For the 3rd time in ICSA history, Princeton is leading the charge in defining the sport of college sailboat racing
Princeton’s innovative sailing program is designed to advance a student’s long-term skills in our great, lifetime sport. Yet, also emphasized within our program is the importance of friends made and the fun of intercollegiate competition. The key to this is a flexible, customized sailing schedule during the week tailored to each student’s skill level and academic demands while enabling that sailor’s optimum contribution to team results. At Princeton, a student’s academic endeavors come first, and time spent sailing should be fun and enjoyable.
With this in mind, it is thrilling to announce our team’s brand-new fleet: ten DragonFlite 95 radio-controlled sailboats. One-design racing in the DF95 class embodies Princeton Sailing’s mission to provide exciting racing opportunities to its members in an inclusive setting. While we currently can’t meet on the water in full-scale intercollegiate events due to the COVID-19 pandemic, the DF95 fleet will be pivotal to provide our members the thrill of racing this spring.
DragonFlite 95 radio-controlled “models”? Yes. For the 3rd time in ICSA history, Princeton is leading the charge in defining the sport of college sailboat racing and college sailing programs – this time with a progressively smaller craft.
In 1929. Arthur Knapp ’28 organized the May Challenge Cup for the first intercollegiate regatta versus Harvard and Yale. In 1930, Dartmouth, Williams and Cornell were added and IYRA (ICSA) founded. These were in 8-Meter “yachts”, S-Boats and Atlantics.
In 1934, to broaden the sport with more a affordable craft, Princeton became the first college to have its own fleet of Tiger “dinghys” on Lake Carnegie. This led to the Morss Trophy for the ICSA Dinghy Championship at MIT in 1937 — now the ICSA National Coed Dinghy Championship..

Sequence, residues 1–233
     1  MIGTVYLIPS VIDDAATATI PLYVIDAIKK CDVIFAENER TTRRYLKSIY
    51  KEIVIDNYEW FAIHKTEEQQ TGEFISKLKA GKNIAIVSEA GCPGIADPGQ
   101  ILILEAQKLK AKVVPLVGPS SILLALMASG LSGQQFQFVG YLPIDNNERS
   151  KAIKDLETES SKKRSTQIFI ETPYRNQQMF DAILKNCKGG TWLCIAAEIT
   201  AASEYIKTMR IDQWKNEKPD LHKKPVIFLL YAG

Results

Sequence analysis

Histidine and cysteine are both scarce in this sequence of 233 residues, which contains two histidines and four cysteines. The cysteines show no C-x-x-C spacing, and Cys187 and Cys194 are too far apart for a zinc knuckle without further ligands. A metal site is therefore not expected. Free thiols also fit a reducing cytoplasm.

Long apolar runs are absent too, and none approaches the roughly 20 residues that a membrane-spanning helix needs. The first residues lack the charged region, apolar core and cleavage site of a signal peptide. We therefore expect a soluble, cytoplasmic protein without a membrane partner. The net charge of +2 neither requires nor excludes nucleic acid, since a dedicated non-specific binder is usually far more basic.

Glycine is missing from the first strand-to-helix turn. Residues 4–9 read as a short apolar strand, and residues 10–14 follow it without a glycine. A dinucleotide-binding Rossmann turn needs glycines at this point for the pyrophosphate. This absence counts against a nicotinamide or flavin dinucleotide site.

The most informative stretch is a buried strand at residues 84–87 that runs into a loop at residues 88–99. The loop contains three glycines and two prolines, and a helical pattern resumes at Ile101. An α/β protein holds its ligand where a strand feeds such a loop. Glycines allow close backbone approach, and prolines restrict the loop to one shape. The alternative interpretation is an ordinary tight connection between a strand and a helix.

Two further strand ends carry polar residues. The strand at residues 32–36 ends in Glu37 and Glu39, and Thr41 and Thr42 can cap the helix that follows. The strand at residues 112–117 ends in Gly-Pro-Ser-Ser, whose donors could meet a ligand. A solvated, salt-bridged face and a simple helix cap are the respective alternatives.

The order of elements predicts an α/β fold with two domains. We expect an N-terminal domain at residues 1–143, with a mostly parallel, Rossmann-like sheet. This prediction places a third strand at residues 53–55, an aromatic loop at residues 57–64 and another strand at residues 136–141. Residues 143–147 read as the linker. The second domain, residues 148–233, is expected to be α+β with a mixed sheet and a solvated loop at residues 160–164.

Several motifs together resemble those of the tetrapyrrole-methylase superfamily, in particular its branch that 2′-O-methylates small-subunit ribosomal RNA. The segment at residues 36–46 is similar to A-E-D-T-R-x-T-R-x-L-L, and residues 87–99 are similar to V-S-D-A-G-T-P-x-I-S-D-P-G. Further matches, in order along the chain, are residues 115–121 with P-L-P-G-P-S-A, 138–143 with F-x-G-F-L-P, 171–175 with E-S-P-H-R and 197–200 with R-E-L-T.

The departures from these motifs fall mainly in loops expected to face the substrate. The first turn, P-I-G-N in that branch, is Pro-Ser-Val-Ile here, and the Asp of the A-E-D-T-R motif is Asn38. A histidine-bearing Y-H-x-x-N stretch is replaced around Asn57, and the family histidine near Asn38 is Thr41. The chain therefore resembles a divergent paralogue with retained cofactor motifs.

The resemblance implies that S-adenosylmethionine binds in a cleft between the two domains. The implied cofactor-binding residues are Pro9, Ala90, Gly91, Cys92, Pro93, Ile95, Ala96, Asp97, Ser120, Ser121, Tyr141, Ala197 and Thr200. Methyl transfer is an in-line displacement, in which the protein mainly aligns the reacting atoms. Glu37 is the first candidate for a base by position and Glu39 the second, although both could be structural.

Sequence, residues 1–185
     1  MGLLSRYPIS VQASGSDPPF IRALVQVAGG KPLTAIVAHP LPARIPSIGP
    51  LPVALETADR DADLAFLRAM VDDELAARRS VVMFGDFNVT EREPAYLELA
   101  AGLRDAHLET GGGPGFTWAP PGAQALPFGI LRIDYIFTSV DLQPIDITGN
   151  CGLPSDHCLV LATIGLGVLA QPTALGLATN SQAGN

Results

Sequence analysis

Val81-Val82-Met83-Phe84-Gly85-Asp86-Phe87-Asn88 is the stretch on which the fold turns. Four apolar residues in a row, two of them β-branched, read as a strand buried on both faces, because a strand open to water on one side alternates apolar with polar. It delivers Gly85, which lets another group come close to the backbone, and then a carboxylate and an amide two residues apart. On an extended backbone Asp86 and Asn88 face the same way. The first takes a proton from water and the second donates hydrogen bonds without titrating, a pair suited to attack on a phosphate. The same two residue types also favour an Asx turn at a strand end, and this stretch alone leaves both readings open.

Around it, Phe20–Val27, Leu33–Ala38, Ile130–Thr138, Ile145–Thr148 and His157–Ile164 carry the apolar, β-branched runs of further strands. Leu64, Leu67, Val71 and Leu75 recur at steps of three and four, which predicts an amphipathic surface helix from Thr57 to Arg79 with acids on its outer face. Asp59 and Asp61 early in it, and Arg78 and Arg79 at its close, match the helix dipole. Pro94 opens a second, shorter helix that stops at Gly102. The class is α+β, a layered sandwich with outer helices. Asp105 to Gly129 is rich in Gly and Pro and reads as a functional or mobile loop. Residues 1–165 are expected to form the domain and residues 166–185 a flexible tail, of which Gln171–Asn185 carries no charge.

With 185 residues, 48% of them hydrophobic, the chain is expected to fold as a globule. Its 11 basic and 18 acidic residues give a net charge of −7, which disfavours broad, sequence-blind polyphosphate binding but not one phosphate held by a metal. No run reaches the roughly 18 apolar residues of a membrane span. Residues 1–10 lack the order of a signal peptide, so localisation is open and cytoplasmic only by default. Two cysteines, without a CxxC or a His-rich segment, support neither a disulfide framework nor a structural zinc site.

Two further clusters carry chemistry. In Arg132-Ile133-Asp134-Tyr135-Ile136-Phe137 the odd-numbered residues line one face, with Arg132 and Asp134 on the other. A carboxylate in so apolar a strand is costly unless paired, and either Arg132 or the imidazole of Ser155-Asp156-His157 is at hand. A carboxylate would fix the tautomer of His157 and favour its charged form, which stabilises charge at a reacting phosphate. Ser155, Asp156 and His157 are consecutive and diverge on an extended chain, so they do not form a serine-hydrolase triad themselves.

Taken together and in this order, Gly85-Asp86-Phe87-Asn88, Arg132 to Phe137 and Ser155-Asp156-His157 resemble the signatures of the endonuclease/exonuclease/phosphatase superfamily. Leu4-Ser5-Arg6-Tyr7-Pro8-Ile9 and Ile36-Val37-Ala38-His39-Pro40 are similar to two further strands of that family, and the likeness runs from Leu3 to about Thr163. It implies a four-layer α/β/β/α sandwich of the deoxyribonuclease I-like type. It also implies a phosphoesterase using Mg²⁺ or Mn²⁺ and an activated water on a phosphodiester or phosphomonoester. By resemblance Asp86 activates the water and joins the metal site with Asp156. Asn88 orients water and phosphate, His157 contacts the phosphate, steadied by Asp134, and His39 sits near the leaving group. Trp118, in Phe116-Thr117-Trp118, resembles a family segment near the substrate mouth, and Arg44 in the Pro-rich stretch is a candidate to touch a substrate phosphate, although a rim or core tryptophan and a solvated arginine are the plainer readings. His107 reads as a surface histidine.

In 2021, with potential for expanding the sport even further to colleges with geographic challenges, Princeton is launching a fleet of 10-DF95’s from their Lake Carnegie Clubhouse “on campus”. Pandemic permitting, Harvard and Yale have been challenged to the 90th Anniversary revival of the May Challenge Cup. Princeton had retired the May Cup in 1931 after winning it 3-times per the Deed of Gift — the oldest trophy in Intercollegiate Sailing. It’s back!
The DF95 is the fastest growing one-design class of sailboat in the world. What could be more inclusive, accessible, affordable, pandemic-compliant and mobility/gender/weight/age neutral to attract sailors of all skill levels? Heavier sailors, not typically as competitive in college dinghies, can sail a DF95 level with everyone else. Dinghy crews can be helpful to their skippers if they better learn short course racing tactics, sailing their own DF95. Being able to rattle off 6 races in an hour makes it easier to keep up with a demanding academic schedule. The benefits of this new addition are endless; we can’t wait for them to splash!
This tremendous addition to our program was made possible through a generous gift by Bob Johnstone ’56. We can’t thank Bob enough for his support of our program, and his indomitable spirit and love of sailing. Hopefully soon we can invite all alumni back to campus for a DF95 regatta!
Here are the designs of the boats below: